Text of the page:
Tuesday, June 18, 2013

Ukraine: Why buy when you can rent?

Ukraine and Russia may be on the verge of a compromise that grants Gazprom control over the Ukrainian pipeline system, while allowing President Viktor Yanukovych to keep his promise not to sell the asset to the Russians.  Ukraine may grant Gazprom use of the pipelines on a long-term lease.

In a live television program "Dialogue with the Nation," that was aired in February 2013, President Yanukovych floated the idea of renting out the pipeline system.  He continued to complain about the high price the country was paying Gazprom for natural gas under the "take or pay" contract negotiated by former Premier Yulia Tymoshenko, but rejected Gazprom's condition for lowering the price:  sale of the pipeline system.  Yanukovych was stuck between a rock and a hard place, however, in that he also rejected an International Monetary Fund (IMF) demand that Ukraine raise domestic gas prices before qualifying for a $15 billion loan.

Yanukovych traveled to Russia on March 4, and met Russian President Vladimir Putin for several hours.  At the conclusion, the news agency Unian reported the two sides were close to a deal in which the price of gas would be lowered from $430 per thousand cubic meters (tcm) to $260 per tcm, in return for which Gazprom and Naftogaz Ukrayiny would form a joint venture that would rent the pipeline system.

No formal announcement was made, however, because the two sides remain divided on including the European Union in the joint venture.  Ukraine supports a European presence, while the Russians would prefer a bilateral arrangement.  In May, Ukrainian Energy Minister Eduard Stavytsky and EU Energy Commissioner Guenther Oettinger discussed a potential trilateral arrangement.  ""Ukraine is really trying to consider its geopolitical situation and to establish a gas hub, so we will be able to do spot purchases in central Europe," Stavytsky told reporters.  He estimated it would take $550 million to modernize the Ukrainian infrastructure.  Oettinger said he believed EU firms were willing to buy the ageing system.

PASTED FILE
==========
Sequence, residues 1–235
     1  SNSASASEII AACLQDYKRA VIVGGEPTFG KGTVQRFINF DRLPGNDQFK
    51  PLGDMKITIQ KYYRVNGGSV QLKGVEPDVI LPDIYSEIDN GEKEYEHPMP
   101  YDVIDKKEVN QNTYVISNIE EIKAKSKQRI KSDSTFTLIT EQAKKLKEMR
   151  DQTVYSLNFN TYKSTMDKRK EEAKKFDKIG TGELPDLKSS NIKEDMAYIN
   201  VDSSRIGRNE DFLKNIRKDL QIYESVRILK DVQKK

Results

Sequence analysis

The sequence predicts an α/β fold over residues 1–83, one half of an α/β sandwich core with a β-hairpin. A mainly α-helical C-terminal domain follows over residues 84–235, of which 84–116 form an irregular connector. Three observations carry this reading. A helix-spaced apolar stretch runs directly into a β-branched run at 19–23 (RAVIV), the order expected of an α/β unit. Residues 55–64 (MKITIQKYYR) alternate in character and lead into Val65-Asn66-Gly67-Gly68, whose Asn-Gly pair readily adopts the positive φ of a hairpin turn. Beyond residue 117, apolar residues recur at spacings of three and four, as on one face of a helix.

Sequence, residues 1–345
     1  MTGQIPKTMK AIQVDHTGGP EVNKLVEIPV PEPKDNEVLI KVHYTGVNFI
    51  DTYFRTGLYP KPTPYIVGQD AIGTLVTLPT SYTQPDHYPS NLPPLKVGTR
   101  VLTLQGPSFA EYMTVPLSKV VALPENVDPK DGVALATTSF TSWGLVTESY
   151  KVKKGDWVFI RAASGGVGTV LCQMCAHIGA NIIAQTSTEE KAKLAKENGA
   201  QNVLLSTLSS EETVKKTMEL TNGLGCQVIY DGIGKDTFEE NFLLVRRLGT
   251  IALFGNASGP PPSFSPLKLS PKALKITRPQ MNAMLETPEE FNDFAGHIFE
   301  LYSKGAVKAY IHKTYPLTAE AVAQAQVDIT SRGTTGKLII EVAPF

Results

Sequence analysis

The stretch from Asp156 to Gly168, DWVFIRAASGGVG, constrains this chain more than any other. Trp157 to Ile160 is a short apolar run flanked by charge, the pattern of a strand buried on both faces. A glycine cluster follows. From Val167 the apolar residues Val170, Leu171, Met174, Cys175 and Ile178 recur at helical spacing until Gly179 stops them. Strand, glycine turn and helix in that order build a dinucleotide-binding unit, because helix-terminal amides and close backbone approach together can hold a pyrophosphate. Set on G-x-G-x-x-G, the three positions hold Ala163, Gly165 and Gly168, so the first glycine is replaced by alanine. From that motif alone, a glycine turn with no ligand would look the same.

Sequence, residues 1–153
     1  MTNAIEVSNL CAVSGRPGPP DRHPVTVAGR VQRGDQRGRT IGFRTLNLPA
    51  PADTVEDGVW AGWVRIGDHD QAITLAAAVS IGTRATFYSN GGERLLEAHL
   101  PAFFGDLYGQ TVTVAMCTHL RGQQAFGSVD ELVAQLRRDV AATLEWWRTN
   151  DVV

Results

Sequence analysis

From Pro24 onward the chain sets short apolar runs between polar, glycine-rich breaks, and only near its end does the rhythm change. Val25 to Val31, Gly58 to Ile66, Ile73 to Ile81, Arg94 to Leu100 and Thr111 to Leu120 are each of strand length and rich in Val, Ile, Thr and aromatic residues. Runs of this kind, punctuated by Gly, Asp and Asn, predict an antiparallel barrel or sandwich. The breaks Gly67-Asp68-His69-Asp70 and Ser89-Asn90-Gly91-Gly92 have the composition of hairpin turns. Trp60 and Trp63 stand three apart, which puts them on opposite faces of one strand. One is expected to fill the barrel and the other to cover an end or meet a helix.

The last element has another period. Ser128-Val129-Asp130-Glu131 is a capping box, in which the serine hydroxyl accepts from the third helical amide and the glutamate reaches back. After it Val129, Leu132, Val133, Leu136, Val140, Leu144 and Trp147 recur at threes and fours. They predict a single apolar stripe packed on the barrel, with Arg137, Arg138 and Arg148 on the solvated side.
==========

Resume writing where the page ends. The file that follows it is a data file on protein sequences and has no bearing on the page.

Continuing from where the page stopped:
The two sides have been skirmishing over the pipeline for sometime.  Ukraine has unilaterally reduced the importation of Russian gas, and in November 2012 began to import gas from Hungary to take its place.  Russia retaliated by presenting Ukraine with a bill for $7 billion for gas Ukraine was obligated to purchase.  Russia has also threatened to build a second Yamal pipeline to divert gas deliveries from the Ukrainian route.

Alexei Miller, head of Gazprom, said he was not worried about Ukrainian attempts to purchase gas from Europe on the spot market, because the spot price was rising.  "The price for Russian gas, which is being supplied to Ukraine, is significantly lower than the spot price, which has settled in continental Europe," he told reporters.  "Ukraine will not be able to bear the spot prices."

In late April 2013, the Ukrainian government introduced a bill in parliament that would allow the sale or lease of Naftogaz.  Kommersant reported Ukrainian authorities were prepared to allow Gazprom to control the main gas pipeline, while the Ukrainian East European fuel and energy company (VETEK) would run local gas distribution.  Valery Yazev, Russian State Duma first deputy for natural resources, predicted a compromise might be found.  Faced with a new arrangement with lower fuel prices, or losing the Ukrainian contract entirely, Yazev predicted Russia would reduce the gas price to $260-$280 per tcm.

In anticipation of a deal being struck, accountants performed an appraisal of the gas network, and valued it at between $26 and $29 billion.  Ukraine is ready to go the the altar, but is still waiting for a bridegroom.